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Vol. 28. Issue. 2.April 2008
Pages 123-238
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The seroprevalence of HCV in Patients Submitted to Hemodialysis and Health Professionals in the State of Minas Gerais, Southwest of Brazil
Seroprevalencia del virus de la hepatitis C en pacientes en hemodiálisis y en profesionales de la salud en el Estado de Minas Gerais, región Sudeste de Brasil
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J. M. M. Oliveira Penidoa, W. T.. Caiaffab, M.. Guimarães Penidoc, E. V. C. Caetanod, A. R.. Carvalhod, A. F.. Leited, S. C.. Fariad, I. V.. Gomided, A. A. B. Rosad, Maria Goretti Penidoe, R.. Teixeiraf
a Departamento de Ciências Médicas, Escuela de Farmacia de la Universidad Federal de Ouro Preto; Núcleo de Nefrología de Belo Horizonte, Brasil,
b Departamento de Medicina Preventiva y Social, Facultad de Medicina de la Universidad Federal de Minas Gerais, Brasil,
c Servicio de Nefrología, Santa Casa de Belo Horizonte, Minas Gerais, Brasil,
d Facultad de Medicina de la Universidad Federal de Minas Gerais, Minas Gerais, Brasil,
e Departamento de Pediatría, Facultad de Medicina de la Universidad Federal de Minas Gerais, Minas Gerais, Brasil,
f Departamento de Clínica Médica, Facultad de Medicina de la Universidad Federal de Minas Gerais, Minas Gerais, Brasil,
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Los pacientes con enfermedad renal crónica (ERC) en hemodiálisis (HD) constituyen un grupo expuesto al riesgo de adquirir una infección por el virus de la hepatitis C (HCV). Los objetivos de este estudio fueron la evaluación de la seroprevalencia de HCV en pacientes en HD en el Estado de Minas Gerais (MG), en el sudeste de Brasil, y la correlación de esa seroprevalencia con el tiempo de tratamiento en HD y con el Índice de Desarrollo Humano (IDH) regional, bien como la seroprevalencia del HCV en profesionales de la salud (PS) de HD. Se evaluaron pacientes de 66 Centros de Hemodiálisis (CH) a través de un cuestionario validado en el que se consideraron los valores positivos para anti-HCV (Elisa III) en el año de 2003. La mayoría eran hombres (56,2%) entre 41-60 años. La seroprevalencia media de HCV fue de 13 ± 9,5%. La seroprevalencia trimestral fue inferior a 20%, 15% y 10% en 75%, 50% y 40% de los CH, respectivamente. No hubo correlación entre el IDH y la seroprevalencia de HCV. Hubo correlación positiva entre seroprevalencia de HCV y tiempo en HD en 884 pacientes de cuatro CH (p < 0,001). La seroprevalencia de HCV fue investigada en 387 PS divididos en dos grupos de acuerdo con el tiempo de actividad; < 10 años (G1), > 10 años (G2). La seroprevalencia de HCV en los PS fue de 0,8%. No hubo diferencia de seroprevalencia de HCV entre G1 y G2 con respecto al tiempo de exposición ocupacional. Se concluyó que la seroprevalencia de HCV en pacientes en HD en MG fue del 13 ± 9,5% y < 10% en el 40% de los CH evaluados, no habiendo una correlación entre el IDH y la seroprevalencia del HCV. En cambio, hubo correlación positiva entre seroprevalencia del HCV y tiempo en HD, siendo que la seroprevalencia HCV en los PS fue del 0,8%.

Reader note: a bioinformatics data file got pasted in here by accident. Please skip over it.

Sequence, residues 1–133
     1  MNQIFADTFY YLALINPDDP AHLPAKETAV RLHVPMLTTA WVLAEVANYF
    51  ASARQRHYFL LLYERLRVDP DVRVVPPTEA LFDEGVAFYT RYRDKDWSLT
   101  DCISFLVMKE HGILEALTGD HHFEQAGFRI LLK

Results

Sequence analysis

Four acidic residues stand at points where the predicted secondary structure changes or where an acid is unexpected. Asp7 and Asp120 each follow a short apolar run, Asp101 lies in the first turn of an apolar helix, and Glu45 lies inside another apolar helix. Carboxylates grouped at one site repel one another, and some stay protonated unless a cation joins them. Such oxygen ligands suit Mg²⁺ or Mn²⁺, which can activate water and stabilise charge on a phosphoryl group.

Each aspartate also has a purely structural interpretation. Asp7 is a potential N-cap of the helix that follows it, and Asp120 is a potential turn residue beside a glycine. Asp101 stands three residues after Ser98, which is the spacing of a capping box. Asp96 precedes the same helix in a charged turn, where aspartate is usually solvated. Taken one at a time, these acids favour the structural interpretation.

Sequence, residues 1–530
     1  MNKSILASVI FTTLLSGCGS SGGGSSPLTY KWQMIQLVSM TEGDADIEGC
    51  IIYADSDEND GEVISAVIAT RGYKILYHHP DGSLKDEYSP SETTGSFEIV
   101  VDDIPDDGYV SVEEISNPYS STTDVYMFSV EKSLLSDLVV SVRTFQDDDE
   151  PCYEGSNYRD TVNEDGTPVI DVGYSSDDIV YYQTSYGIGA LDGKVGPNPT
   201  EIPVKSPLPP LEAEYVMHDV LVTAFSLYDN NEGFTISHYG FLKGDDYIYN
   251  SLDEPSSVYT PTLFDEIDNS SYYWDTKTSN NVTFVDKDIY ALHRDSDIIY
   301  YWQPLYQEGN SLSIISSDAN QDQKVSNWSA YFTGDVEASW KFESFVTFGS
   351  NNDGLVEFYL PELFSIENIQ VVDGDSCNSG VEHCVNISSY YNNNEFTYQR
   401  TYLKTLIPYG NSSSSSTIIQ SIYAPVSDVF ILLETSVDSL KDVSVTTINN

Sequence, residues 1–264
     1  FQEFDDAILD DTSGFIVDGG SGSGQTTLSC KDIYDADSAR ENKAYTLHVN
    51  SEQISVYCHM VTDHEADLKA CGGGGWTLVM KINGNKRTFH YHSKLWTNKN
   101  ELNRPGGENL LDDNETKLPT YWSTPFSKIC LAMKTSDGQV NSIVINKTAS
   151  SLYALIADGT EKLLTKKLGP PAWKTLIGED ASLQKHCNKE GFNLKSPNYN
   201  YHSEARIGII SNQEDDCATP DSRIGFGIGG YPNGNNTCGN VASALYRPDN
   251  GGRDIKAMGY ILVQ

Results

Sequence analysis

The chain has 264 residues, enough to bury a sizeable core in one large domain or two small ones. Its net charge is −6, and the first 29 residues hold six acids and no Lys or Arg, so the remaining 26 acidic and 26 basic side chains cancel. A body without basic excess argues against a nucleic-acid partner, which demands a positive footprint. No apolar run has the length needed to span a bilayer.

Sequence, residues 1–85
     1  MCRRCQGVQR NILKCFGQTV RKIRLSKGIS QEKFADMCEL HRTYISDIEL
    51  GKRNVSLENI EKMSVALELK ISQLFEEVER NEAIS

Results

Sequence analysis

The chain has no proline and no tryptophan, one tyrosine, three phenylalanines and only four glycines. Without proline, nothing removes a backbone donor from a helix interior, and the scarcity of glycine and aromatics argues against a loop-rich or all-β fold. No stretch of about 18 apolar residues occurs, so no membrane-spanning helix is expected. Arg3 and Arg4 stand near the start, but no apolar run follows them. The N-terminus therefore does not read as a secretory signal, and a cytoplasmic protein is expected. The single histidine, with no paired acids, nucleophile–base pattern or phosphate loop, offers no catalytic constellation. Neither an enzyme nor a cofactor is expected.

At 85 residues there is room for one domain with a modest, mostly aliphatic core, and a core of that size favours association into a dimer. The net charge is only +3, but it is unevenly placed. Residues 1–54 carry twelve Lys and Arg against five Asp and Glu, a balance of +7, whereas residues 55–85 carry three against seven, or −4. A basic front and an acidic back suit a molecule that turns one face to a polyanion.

Palabras clave:
Enfermedad renal crónica
Palabras clave:
Hemodiálisis
Palabras clave:
Seroprevalencia de la hepatitis C
Palabras clave:
Hepatitis C